There are hundreds of mutations within the beta globin gene, but approximately 20 different alleles comprise 80% of the mutations found world wide. Within each geographic population there are unique mutations. Individuals who have beta thalassemia major are usually homozygous for one of the common mutations, or heterozygous for one of the common mutations and one of the geographically-unique mutations. Both lead to absence of beta globin chain production.
Splice site mutations also occur and are of clinical consequence, when combined with a
thalassemia mutation. Three splice site mutations occur in exon 1 of the beta globin gene.
These mutations result in three different abnormal hemoglobins: Malay, E, and Knossos.
Individuals who have
Infants born in 42 of the 50 states in the United States with newborn screening programs will be diagnosed as having a hemoglobin disorder. In states without newborn screening for hemoglobinopathies and in recent immigrants to this country, affected children are frequently identified outside the newborn period, and the evaluation of their microcytic anemia includes differentiation between iron deficiency and beta thalassemia trait. The red blood cell indices can be helpful in this differentiation, as the hemoglobin concentration and the red cell count will generally be lower in iron deficiency. The distinguishing finding in beta thalassemia is a hemoglobin electrophoresis with the finding of elevated Hgb A2 and F. Both will be increased in beta thalassemia trait without iron deficiency, and will be normal or decreased in alpha thalassemia and isolated iron deficiency anemia. There are several formulas to help in office screening, but they are also based on the assumption that the child is not iron deficient. Usually iron deficiency can be ruled out using free erythrocyte protoporphyrin (FEP), transferrin saturation or ferritin as a screening test in children who have a hypochromic microcytic anemia. The least expensive test is a trial of iron and a repeated hemogram after a month. A lead level should be obtained if there is an index of suspicion for lead toxicity.
Diagnostic challenges can still arise: if both alpha and beta thalassemia coexist, the changes in Hgb A2 and F will not be apparent, and as noted above, there are instances of normal or elevated levels of Hgb A2 and F in beta thalassemia trait. Family studies and, if warranted, DNA analysis can be used to make a definitive diagnosis.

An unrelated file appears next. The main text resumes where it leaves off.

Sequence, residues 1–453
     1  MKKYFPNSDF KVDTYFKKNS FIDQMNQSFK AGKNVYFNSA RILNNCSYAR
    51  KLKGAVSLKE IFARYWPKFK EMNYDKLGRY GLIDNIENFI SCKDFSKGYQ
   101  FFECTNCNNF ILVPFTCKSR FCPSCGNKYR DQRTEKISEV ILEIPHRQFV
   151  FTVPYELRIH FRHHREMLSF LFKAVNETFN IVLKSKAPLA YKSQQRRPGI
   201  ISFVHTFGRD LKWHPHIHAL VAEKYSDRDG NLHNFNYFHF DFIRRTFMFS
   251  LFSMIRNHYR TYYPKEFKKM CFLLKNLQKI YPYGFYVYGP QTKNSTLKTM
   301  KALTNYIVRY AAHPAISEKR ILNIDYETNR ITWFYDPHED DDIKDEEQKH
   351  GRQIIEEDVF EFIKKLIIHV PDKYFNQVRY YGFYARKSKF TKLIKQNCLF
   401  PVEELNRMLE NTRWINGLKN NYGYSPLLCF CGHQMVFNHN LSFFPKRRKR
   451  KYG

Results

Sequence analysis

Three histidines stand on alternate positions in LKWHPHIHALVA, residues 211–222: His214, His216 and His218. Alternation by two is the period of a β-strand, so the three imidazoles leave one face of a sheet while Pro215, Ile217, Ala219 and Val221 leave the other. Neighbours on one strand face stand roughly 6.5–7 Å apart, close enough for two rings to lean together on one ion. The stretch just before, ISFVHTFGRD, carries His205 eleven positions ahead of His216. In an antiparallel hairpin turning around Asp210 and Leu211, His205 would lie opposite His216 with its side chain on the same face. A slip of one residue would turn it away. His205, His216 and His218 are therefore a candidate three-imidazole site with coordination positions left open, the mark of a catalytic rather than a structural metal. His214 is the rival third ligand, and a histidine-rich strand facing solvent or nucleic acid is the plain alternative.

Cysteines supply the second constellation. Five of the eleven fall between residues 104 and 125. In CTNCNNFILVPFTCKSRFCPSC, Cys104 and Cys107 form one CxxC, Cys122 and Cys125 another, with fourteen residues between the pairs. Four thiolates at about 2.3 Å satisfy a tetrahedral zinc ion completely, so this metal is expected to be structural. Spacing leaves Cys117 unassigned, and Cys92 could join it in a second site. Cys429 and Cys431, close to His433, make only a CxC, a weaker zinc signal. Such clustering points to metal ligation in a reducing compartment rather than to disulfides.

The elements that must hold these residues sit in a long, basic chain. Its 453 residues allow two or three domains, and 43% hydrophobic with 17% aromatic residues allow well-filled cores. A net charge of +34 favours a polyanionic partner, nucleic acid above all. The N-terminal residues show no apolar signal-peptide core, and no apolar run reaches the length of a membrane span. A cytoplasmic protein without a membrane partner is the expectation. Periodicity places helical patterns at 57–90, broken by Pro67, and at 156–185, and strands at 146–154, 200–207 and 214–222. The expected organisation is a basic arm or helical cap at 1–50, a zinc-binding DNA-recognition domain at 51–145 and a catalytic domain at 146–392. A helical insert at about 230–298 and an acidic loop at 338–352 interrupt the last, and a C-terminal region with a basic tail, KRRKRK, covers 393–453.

Children who are diagnosed with
Children who can not maintain a hemoglobin between 6 and 7 gm/dl should have an alternative diagnosis considered. If thalassemia is the cause of the anemia, transfusion and/or splenectomy should be considered. Frequently, adolescents and adults are unable to tolerate the degree of anemia that is seen in thalassemia intermedia. Hypersplenism, splenic pain, congestive heart failure secondary to anemia, severe exercise intolerance, thrombocytopenia and leukopenia should be considered indications for beginning transfusion therapy or for splenectomy in the child who has severe hemolytic anemia.
Children who have untreated thalassemia generally die in the first decade of life from anemia and septicemia, and may suffer from pathologic fractures. When palliative transfusions are introduced, children live into their late teens, but eventually succumb to heart failure if iron overload is not treated. But with the introduction of frequent chronic transfusion and the use of chelation therapy, many patients who are compliant with chelation are entering their 50th decade and later. However, those not compliant will have a much shortened lifespan. Bone marrow transplantation has the potential for a permanent cure, though there are significant risks.
Listed below is common terminology that you may find in textbooks which describe beta thalassemia.
Beta thalassemia disorders result from decreased production of beta globin chains, resulting in relative excess of alpha globin chains. The degree of excess nonfunctional alpha chains is the major predictor of disease severity.
Beta-0 thalassemia refers to the absence of production of beta globin. When patients are homozygous for a beta0 thalassemia gene, they cannot make any normal beta chains (hemoglobin A).
Beta + thalassemia indicates a mutation that presents decreased but not absent production of beta globin. Thalassemia patients in which one or both of their beta thalassemia mutations are beta+ mutations make some hemoglobin A, and the disorder may be less severe.
Thalassemia trait, also called thalassemia minor, is when a person carries the trait for thalassemia major – there is no clinical significance when a person carries the trait.
Beta thalassemia major is a clinical diagnosis referring to a patient who has a severe form of the disease and requires chronic transfusions early in life.
Beta thalassemia intermedia is a clinical diagnosis of a patient characterized by a less severe chronic anemia and a more variable clinical phenotype.